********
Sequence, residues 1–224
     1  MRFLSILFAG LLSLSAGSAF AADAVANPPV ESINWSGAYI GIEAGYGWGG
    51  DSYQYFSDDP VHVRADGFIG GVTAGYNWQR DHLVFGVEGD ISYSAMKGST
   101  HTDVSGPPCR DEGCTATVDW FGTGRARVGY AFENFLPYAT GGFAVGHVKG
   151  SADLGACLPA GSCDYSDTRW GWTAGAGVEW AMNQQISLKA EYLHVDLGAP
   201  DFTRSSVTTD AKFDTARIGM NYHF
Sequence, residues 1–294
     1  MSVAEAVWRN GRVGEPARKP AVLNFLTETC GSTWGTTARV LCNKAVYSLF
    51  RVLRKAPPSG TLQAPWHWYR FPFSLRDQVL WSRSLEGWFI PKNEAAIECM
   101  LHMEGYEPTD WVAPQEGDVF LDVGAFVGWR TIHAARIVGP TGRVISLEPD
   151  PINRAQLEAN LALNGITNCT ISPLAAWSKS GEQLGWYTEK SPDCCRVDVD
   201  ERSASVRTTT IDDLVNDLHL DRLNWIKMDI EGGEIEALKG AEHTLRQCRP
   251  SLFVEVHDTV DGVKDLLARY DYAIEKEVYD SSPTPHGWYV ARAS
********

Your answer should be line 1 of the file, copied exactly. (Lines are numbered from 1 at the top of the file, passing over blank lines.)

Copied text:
Sequence, residues 1–224